Free choice permission and the counterfactuals of pragmatics

Linguistics and Philosophy 37 (4):275-290 (2014)
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This paper addresses a little puzzle with a surprisingly long pedigree and a surprisingly large wake: the puzzle of Free Choice Permission. I begin by presenting a popular sketch of a pragmatic solution to the puzzle, due to Kratzer and Shimoyama, which has received a good deal of discussion, endorsement and elaboration in recent work :535–590, 2006; Fox, in: Sauerland and Stateva Presupposition and implicature in compositional semantics, 2007; Geurts, Mind Lang 24:51–79, 2009; von Fintel, Central APA session on Deontic Modals, 2012). I then explain why the general form of the Kratzer and Shimoyama explanation is not extensionally adequate. This leaves us with two possibilities with regard to the original solution-sketch; either the suggested pragmatic route fails, or it succeeds in a particularly strange way: Free Choice permission is rendered a kind pragmatic illusion on the part of both speakers and hearers. Finally, I discuss some ramifications.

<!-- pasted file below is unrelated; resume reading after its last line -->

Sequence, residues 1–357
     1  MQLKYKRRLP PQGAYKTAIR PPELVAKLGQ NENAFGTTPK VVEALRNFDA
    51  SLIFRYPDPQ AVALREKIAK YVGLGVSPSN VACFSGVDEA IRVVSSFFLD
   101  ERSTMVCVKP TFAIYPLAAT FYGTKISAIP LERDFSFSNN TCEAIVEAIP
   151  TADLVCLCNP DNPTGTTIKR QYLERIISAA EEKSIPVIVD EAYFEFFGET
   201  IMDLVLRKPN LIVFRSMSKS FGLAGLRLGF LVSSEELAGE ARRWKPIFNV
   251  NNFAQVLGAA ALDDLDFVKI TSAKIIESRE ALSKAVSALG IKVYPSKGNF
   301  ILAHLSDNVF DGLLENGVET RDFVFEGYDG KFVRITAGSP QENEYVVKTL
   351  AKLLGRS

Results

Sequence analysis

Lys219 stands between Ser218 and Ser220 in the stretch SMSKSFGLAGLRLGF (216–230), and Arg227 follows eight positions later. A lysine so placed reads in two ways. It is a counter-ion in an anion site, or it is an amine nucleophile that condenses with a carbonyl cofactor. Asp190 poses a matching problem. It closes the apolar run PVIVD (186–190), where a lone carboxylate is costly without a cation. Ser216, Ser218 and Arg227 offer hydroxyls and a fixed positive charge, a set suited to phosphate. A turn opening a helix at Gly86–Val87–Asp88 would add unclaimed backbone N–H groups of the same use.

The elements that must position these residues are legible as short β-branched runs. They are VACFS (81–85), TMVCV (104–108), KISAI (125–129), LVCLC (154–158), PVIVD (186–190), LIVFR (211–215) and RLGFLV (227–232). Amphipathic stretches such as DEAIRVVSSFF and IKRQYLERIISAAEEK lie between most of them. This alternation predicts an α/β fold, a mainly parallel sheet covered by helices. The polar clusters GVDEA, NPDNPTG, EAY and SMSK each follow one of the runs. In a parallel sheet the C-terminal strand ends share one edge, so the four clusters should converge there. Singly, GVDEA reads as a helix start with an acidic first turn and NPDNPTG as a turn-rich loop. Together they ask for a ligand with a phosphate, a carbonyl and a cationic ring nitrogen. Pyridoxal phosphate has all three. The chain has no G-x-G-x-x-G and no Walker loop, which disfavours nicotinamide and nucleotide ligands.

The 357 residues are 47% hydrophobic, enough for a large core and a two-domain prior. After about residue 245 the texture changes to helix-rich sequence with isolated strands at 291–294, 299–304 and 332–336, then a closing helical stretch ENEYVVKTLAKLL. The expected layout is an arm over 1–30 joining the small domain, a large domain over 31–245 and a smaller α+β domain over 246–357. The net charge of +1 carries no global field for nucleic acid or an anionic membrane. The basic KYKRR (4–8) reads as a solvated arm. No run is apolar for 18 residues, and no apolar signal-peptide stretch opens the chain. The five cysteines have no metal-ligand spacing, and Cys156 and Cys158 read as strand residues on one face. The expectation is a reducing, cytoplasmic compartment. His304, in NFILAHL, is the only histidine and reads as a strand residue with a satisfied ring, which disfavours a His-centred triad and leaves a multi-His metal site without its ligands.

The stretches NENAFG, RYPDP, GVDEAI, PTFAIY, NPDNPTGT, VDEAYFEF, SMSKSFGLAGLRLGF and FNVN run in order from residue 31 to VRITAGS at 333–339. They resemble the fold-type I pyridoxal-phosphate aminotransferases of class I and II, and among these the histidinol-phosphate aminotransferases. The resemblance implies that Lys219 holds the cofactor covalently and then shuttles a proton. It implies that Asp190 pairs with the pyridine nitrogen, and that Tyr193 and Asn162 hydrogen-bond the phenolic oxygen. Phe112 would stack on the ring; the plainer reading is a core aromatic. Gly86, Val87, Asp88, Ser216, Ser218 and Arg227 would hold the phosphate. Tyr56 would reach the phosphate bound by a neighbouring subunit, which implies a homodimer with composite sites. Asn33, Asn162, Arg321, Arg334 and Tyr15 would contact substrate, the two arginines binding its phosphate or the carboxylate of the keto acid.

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Judgment Under Uncertainty: Heuristics and Biases.Kahneman, Daniel; Slovic, Paul & Tversky, Amos (eds.)

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Semantic expressivism for epistemic modals.Hawke, Peter & Steinert-Threlkeld, Shane

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